*Spoiler Alert* The next several paragraphs contain some spoilers. I tried not to give away too much, so I think you could read it without ruining the books or movie, but proceed at your own risk!

First, I find that the premise of the story – that a higher power, The Capitol, rules over the masses by deceiving, oppressing, enslaving and dividing them, causing them to fight one another instead of their real enemy, the sinister President Snow and his government – is not all that different than the spiritual battle depicted in Christianity. Are we not being deceived on a daily basis? Are we not oppressed by doubt, fear, self-righteousness, pride and resentment? Do we not war with one another, if not with swords and guns, then with words and emotions?

Then, there is the love story. Peeta, who represents hope, practically oozes all things good and light. He is a baker, an artist, a natural leader and a man willing to sacrifice his own life for the one he loves, Katniss. In fact, at one point he dies and – wait for it – comes back to life. I’m pretty sure I don’t have to spell this one out for you, but the material’s too good – I can’t not write about it.

At a pivotal moment in their relationship, when they are far from home and in danger of dying, Peeta gives Katniss a locket with pictures of her mother, sister and best friend, Gale. Gale, like Peeta, is in love with Katniss; however, Katniss is unsure of who she loves, unsure if she is even capable of love. While Katniss doesn’t know what she wants, Peeta is unwavering in his love for her. When she needs him, he is there. When she pushes him away, he loves her from afar. When she’s at her worst, he loves her anyway. As they look at the pictures of her family and Gale, Peeta offers Katniss his life, asking her to let him die in her place – he wants her to live, to be happy, to marry Gale and have a full life, even if that means giving her up, giving everything up. That, my friends, is sacrificial, selfless love – the truest form of love there is.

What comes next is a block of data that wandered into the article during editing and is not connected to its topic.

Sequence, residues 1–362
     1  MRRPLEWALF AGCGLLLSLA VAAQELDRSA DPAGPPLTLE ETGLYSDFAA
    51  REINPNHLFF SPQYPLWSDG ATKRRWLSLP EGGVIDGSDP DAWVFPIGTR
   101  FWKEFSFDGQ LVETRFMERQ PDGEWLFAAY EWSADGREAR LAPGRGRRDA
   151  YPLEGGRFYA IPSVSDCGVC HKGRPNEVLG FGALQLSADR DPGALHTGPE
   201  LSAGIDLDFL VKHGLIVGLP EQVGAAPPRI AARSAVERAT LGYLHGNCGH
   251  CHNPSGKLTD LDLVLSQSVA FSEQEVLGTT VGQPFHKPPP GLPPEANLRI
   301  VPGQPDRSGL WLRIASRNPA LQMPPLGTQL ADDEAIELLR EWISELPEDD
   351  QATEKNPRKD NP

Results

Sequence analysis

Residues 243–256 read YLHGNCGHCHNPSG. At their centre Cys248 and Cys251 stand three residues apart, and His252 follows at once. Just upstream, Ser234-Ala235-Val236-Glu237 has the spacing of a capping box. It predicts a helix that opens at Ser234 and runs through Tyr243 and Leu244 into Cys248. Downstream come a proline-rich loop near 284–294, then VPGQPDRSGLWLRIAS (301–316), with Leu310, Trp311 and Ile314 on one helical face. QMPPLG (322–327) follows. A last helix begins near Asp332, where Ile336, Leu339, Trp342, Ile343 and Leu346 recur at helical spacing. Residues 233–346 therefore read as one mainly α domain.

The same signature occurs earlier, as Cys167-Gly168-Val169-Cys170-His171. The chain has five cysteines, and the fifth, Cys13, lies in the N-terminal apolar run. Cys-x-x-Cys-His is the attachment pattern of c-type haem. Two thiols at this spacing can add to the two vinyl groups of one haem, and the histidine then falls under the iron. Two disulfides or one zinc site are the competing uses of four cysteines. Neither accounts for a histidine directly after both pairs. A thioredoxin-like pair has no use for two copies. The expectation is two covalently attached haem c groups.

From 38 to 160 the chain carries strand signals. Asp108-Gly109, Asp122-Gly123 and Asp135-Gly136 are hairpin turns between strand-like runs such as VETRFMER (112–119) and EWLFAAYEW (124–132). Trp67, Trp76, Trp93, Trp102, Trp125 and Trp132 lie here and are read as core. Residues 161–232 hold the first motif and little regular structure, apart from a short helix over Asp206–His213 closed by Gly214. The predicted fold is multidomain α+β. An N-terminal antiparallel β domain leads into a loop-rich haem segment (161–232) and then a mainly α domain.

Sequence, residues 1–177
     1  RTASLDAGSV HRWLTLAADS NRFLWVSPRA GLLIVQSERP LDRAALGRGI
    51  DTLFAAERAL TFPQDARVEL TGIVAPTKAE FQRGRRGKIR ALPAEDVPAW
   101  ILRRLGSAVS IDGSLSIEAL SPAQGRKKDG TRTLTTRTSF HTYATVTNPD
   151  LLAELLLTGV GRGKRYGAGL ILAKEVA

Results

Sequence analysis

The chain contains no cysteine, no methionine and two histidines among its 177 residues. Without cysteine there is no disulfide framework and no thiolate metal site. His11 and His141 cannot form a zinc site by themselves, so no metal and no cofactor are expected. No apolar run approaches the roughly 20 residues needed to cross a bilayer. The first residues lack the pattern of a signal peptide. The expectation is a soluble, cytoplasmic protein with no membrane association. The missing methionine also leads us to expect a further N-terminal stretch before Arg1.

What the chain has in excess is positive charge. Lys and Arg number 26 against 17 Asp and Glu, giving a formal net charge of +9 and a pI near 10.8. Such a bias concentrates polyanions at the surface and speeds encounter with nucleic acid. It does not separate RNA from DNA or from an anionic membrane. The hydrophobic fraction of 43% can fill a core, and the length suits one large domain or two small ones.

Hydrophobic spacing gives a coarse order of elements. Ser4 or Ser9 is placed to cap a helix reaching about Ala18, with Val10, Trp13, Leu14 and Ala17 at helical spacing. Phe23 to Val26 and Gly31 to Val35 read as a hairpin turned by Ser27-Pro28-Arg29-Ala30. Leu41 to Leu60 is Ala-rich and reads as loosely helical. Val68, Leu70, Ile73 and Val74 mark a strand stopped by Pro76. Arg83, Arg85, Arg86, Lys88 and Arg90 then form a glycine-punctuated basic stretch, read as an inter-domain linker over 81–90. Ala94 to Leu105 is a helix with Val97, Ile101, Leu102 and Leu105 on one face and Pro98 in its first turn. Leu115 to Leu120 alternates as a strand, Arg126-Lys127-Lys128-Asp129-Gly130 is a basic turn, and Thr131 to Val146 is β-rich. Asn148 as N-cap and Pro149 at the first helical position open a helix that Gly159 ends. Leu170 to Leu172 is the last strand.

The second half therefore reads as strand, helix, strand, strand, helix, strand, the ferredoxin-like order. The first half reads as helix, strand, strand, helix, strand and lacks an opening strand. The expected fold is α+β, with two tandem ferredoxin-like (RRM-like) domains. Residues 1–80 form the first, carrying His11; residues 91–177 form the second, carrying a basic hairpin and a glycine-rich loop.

Do humans universally long for this kind of love? A love that sacrifices oneself to save another? If our music, movies, plays and books are any indication, then we must. Images of heroes surround us – heroes that can save us, from loneliness, grief, pain, danger, self-obsession, self-loathing, even death. So it should come as no surprise that so many people love these books. Whether we know it or not, the story stirs something deep within us.

Finally, as a baker, Peeta literally feeds and nourishes people in a starving community. This, I imagine, was no accident on the author’s part because he is ultimately the one who satisfies Katniss’s deepest hunger. I can’t help but smile a little at his name, which is actually a homonym for a kind of bread eaten by millions of people the world over. But I wonder if as Collins was writing Peeta, she considered the One who truly satisfies.

We, every one of us, are part of a Hunger Game. Only this is no game. This is real. Look around you. Think about it. Why are you here? Who’s really in control? Are you still a slave to the unseen powers of this dark world? Do you know who your enemy is? Are you hungry? Starving for the truth? Desperate for something…or someone to satisfy your soul?

He’s out there, you know. Your Rescuer. The One who said, “I am the bread that came down from heaven,” is all the food your starving soul needs. And He’s the only chance you have of getting out of this arena alive.